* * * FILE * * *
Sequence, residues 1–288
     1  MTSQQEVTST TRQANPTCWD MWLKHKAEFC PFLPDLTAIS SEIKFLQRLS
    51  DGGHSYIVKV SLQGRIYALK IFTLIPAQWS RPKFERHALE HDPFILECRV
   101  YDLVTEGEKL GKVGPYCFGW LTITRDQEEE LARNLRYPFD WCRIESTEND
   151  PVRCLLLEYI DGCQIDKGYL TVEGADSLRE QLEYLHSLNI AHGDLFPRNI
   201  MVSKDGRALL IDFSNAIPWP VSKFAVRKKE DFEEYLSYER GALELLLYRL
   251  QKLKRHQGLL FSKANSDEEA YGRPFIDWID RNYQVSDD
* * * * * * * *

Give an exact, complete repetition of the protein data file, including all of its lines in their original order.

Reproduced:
Sequence, residues 1–288
     1  MTSQQEVTST TRQANPTCWD MWLKHKAEFC PFLPDLTAIS SEIKFLQRLS
    51  DGGHSYIVKV SLQGRIYALK IFTLIPAQWS RPKFERHALE HDPFILECRV
   101  YDLVTEGEKL GKVGPYCFGW LTITRDQEEE LARNLRYPFD WCRIESTEND
   151  PVRCLLLEYI DGCQIDKGYL TVEGADSLRE QLEYLHSLNI AHGDLFPRNI
   201  MVSKDGRALL IDFSNAIPWP VSKFAVRKKE DFEEYLSYER GALELLLYRL
   251  QKLKRHQGLL FSKANSDEEA YGRPFIDWID RNYQVSDD